Saitec, BiMEP Sign Contract to Install DemoSATH Project


Saitec Offshore Technologies and Biscay Marine Energy Platform (BiMEP), an open sea test site, have signed a contract to install the DemoSATH project off the Basque Coast in Spain.  

The project will test the very first floating wind foundation connected to the Spanish grid using swinging around twin-hull (SATH) technology. Marine operations are planned by the end of 2021. 

SATH technology is based on a twin hull made of modularly prefabricated and subsequently braced concrete elements. The float can align itself around a single point of mooring according to the wind and wave direction. The technology stands out as the ninth installed worldwide, the fifth European, and the third tested using concrete around the world. 

With a 2 MW wind turbine, the structure, which will be approximately 30 meters wide and approximately 67 meters long, will be assembled in the port of Bilbao, Spain. From there, it will be towed to its anchorage point in BiMEP, two miles off the coast, where the sea is about 85 meters deep.

“This real-scale demonstrator is a massive step for us. A major milestone that could be considered as one of the most challenging gates in order to achieve commercialization,” says Luis González-Pinto, COO of Saitec.

“We have the chance to develop this project in our homeland using the BiMEP testing area. Basque Country has an active industry in the offshore wind sector, and we think that this project could become the spearhead for Basque’s floating wind sector,” he adds.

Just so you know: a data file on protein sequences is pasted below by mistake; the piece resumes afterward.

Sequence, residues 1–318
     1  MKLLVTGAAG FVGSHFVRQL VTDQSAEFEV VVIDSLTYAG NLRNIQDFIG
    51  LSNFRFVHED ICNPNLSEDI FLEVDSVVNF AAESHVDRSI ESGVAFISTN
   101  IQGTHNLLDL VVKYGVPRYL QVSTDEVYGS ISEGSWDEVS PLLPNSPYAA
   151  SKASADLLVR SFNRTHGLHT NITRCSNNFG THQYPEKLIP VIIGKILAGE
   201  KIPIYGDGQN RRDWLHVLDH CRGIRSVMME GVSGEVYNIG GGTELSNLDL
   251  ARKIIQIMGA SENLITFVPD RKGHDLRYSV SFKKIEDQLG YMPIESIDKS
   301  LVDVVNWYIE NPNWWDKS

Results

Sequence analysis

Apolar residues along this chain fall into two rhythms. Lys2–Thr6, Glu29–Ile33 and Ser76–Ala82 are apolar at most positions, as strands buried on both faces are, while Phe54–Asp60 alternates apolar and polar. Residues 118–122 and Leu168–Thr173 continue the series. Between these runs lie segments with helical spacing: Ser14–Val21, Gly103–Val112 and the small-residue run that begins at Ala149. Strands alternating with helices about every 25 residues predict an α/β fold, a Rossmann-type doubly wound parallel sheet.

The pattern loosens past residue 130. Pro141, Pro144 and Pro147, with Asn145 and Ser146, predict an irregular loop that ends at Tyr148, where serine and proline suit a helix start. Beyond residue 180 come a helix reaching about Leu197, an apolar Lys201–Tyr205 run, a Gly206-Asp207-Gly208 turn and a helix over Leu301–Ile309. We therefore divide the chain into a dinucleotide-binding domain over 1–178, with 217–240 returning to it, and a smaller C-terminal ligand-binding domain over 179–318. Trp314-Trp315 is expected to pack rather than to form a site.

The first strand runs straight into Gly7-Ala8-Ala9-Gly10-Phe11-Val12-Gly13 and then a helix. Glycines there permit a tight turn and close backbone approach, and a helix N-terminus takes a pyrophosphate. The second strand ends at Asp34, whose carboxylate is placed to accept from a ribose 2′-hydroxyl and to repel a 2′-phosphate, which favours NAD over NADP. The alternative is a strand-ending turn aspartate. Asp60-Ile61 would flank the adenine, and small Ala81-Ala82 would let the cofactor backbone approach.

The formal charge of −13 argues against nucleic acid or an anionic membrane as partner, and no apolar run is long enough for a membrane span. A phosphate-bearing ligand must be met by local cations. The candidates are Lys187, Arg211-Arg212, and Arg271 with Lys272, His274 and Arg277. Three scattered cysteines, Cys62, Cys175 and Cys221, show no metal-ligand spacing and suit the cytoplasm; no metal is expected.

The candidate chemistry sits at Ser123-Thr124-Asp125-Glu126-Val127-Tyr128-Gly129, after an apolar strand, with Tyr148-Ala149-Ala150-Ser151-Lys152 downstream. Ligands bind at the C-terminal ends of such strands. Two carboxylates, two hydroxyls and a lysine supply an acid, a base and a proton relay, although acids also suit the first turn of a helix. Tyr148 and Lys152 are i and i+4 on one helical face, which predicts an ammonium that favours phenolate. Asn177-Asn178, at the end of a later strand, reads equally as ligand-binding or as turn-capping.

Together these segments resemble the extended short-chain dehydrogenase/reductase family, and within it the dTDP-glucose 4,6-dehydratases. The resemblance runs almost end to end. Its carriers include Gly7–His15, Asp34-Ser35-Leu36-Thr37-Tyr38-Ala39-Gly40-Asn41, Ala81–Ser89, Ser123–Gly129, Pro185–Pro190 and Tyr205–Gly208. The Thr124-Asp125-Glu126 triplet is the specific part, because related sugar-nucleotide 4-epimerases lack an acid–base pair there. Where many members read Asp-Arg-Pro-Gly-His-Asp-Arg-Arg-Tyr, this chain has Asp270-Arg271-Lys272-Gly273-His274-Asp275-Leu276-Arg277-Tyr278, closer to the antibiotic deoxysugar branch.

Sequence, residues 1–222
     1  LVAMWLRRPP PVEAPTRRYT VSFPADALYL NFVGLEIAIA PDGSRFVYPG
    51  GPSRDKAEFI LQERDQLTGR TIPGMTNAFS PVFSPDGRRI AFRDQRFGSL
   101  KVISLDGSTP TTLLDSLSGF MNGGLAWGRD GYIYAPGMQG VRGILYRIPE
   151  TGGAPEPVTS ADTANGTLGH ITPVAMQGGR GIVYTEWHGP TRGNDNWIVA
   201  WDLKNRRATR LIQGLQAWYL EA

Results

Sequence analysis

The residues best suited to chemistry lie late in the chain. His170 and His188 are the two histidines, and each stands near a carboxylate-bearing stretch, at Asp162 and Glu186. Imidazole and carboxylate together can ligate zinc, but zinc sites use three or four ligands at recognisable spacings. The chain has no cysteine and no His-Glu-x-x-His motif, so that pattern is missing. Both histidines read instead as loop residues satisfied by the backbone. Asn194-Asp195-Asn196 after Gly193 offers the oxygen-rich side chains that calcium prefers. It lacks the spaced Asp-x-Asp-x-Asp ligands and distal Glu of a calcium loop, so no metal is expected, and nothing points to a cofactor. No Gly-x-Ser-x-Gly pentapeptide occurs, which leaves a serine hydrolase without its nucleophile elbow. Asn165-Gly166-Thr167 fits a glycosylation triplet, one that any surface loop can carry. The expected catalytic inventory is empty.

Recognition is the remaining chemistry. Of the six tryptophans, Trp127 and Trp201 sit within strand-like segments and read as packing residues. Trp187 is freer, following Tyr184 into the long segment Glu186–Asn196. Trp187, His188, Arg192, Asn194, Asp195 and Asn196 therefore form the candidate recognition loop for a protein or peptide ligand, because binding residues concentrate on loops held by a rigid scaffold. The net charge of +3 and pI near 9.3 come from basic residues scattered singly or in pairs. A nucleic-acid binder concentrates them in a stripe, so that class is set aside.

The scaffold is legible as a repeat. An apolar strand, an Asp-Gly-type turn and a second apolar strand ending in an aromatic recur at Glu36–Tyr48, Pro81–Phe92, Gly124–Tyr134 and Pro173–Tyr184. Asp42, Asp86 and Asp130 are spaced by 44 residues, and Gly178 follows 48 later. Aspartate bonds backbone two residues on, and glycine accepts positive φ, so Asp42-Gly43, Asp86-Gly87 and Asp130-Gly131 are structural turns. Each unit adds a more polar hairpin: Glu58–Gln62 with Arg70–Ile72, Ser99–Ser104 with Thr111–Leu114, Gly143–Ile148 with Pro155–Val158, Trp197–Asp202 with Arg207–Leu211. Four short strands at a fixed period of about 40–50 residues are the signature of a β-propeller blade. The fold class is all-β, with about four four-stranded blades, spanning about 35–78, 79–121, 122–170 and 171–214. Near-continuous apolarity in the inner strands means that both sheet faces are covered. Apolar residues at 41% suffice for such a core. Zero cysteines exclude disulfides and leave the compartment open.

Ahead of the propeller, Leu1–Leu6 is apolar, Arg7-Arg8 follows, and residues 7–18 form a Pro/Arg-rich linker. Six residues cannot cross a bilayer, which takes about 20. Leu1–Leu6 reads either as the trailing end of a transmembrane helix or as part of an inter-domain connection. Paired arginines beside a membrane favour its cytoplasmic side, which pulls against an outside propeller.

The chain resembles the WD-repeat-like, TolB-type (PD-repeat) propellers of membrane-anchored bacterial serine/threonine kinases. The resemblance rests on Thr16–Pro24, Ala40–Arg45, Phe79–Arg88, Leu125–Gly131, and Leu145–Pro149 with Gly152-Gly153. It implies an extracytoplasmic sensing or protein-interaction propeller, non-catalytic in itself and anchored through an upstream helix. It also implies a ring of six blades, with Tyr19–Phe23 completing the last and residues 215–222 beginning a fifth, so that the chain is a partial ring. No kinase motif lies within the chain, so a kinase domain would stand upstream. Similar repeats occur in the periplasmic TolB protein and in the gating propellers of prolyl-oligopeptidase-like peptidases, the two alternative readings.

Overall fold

BiMEP is a public company established in 2011 for the development, construction, operation, maintenance and management of an open sea testing center. The company is owned by Basque Energy Agency, the Spanish Ministry for Ecological Transition, and the Demographic Challenge through the Institute for Diversification and Energy Savings.

The main goal of the DemoSATH project is to analyze the behavior of the turbine under real operational and extreme conditions, collect data and gain real-life knowledge from the construction, operation and maintenance of the unit. The pilot project will last three and a half years: 18 months for the planning and construction of the plant, followed by a two-year operating phase.

Photo: A virtual rendering of the DemoSATH project

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